The Danish word brandstyr means fire tax.
Brandstyr was an extraordinary tax collected when needed, meaning when a fire had caused so much damage to a town or public building that the place needed financial support from the rest of the country to rebuild it. When fire tax was needed, the King of Denmark passed a law, which detailed how much was needed and who had to pay.
Brandstyr Imposed in Denmark
- A fire in Viborg Town in 1726 caused great damage to the town, including damage to the churches and various public buildings. A fire tax was imposed on 15 May 1727.
- A massive fire in Copenhagen in 1728 burnt down about 40 percent of the houses and six churches in the town center, leaving about 1500 families homeless. A fire tax was imposed on 21 December 1728 and had to be paid from 1729 to 1731.
Sources about Fire Taxes in Denmark and the Information Therein
Beware that the fire taxes were imposed on the entire country and not only on the inhabitants of the town, which the fire had destroyed. After a law about an extraordinary tax was passed, local authorities held censuses, which list those who had to pay the tax. Some inhabitants may have been exempt from paying specific taxes, depending on the law about that tax. The censuses were usually not sent to the central authorities, and not all of them have been kept. Most tax censuses are filed in the collections of the county.
Tax censuses were not written on pre-printed schedules, so the level of detail varies from place to place. Below is an example of a census from Faaborg Market Town.1 It lists only the head of household and the amount to be paid, which is quite typical of tax censuses. In addition to information about the due amounts, some tax censuses include a separate list of inhabitants, which were unable to pay the tax due to poverty. Such lists often contain details about the reason for the exemption, for instance how many children the head of household had, or that he/she was widowed.
Other Genealogy Sources About the Fires
Remember the reason for the fire taxes: A fire had damaged a considerable part of a town, and the town could not afford to pay the rebuild itself because a lot of its inhabitants had lost their homes. This means that lists of the burnt buildings were made, so if one of your ancestors lived in Viborg or Copenhagen at the time of these fires, you should examine those lists, too.
For Copenhagen, the census of the affected buildings lists many details of value to genealogists: The address, the name of the owner, the name of the tenants (head of household), size of the property, mortgaged amount, and names of mortgagees. Furthermore, a census of the spared buildings in Copenhagen was made. That census lists the address, name of the head of each household, the number of men, women, children, and servants in each household, and the same details for persons or families who temporarily lodged with another family because their own house had been destroyed by the fire. Luckily, these censuses have been published in a book, which has been scanned into a searchable PDF: Gerhard L. Grove, Kjøbenhavns Huse og Indvaanere efter Branden 1728 [Copenhagen's houses and inhabitants after the fire 1728] (https://soeg.kb.dk/permalink/45KBDK_KGL/1pioq0f/alma99121979760805763). It is a large file, and I recommend that you download it before initiating a search for a name, otherwise your browser might crash.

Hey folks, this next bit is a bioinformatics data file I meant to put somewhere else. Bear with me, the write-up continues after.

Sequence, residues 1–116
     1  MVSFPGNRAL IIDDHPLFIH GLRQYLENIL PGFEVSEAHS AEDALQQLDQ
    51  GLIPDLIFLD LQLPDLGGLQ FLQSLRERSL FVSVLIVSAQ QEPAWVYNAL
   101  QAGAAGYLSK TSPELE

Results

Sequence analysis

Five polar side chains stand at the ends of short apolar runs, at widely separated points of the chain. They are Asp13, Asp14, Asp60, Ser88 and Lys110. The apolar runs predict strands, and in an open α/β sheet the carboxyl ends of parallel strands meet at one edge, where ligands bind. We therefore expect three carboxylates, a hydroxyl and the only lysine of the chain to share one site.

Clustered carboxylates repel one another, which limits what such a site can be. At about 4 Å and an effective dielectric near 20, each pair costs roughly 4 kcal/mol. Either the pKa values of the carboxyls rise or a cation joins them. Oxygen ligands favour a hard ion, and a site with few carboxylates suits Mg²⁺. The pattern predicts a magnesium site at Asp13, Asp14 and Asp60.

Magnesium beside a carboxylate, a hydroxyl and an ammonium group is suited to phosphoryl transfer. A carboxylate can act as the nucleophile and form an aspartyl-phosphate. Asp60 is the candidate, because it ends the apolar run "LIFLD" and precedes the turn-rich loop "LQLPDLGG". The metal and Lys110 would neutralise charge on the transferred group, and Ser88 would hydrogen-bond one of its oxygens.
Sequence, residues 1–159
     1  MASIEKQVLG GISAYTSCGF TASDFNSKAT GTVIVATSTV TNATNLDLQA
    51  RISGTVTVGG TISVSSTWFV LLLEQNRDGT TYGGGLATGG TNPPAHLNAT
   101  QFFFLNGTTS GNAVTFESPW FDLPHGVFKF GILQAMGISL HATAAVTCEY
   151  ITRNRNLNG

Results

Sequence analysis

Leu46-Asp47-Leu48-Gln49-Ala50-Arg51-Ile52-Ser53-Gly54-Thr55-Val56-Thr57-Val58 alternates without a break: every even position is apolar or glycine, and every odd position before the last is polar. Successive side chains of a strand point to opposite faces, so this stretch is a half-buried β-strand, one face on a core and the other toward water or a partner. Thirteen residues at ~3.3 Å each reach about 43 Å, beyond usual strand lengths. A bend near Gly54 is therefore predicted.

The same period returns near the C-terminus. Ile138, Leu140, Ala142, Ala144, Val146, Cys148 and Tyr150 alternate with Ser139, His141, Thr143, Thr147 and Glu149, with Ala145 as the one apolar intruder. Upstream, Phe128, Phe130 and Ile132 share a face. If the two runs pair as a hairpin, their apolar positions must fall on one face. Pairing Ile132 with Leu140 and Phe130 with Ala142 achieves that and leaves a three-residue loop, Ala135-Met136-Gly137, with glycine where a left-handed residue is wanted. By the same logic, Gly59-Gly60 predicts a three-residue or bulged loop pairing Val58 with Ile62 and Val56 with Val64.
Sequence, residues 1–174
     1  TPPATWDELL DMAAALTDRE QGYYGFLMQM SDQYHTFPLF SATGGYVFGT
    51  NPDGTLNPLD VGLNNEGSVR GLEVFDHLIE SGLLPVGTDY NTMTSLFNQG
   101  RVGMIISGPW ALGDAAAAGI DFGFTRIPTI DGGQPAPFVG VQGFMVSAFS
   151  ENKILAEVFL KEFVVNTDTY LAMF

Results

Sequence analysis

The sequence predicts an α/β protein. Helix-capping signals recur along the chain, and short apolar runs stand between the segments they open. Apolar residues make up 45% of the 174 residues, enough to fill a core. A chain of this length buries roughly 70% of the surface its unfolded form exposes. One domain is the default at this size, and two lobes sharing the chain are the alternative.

Words Related to the Danish Word Brandstyr
Brand means fire, and styr is an old word for tax. Other extraordinary taxes were collected from time to time.
Prinsessestyr (princess tax) was collected when the King needed extra income to cover the dowry for the marriage of his daughter. Princess tax was collected in 1664, 1668, 1670, 1680, and 1749.
Krigsstyr (war tax) was collected to cover some of the costs, which arose when Denmark was at war. War tax was collected in 1676, 1677, 1678, and 1679.
The three taxes mentioned in this blog post are only some of the taxes collected. If you are up for reading a Danish article about taxes in Denmark from about 1660 to the early 1900s, I recommend this one, which is available online: Carl Christiansen, Om Amtsregnskaberne som historisk Kilde [About the County Financial Accounts as a history Source] (https://tidsskrift.dk/fortidognutid/article/view/117048 : accessed 2 April 2022); citing the periodical Fortid og Nutid, vol. 4 (1923): 1-37. Click the "PDF" button at the cited website to read the article.
- Census of Faaborg Town 1727, unpaginated, first page; filed in Odense County, box 808 (Vedr. kontributionen til Viborg bys genopbygning); The Danish National Archives, Odense, Denmark.
- The image at the top of the post: "Digitale collections," database with images, The Danish Royal Library (http://www5.kb.dk/images/billed/2010/okt/billeder/object382895/en : accessed 2 April 2022), entry for "Forestilling af Branden i Kiøbenhavn som den viiste sig den 6 Juni i 1795 om Eftermiddagen, da Stadens civile Aresthuus, Veisenhuset og Raadhuset tilligemed de omliggende Bygninger stode i Brand hvor man ligeledes seer Veisenhuus børnene med deres Lærere og Fangerne med Vagt at redde sig fra Ilden"; citing a pamphlet (Kjøbenhavns Brandforsikring, 1955) with a reproduction of a copperplate engraving by Andreas Flint (1795). The image is public domain.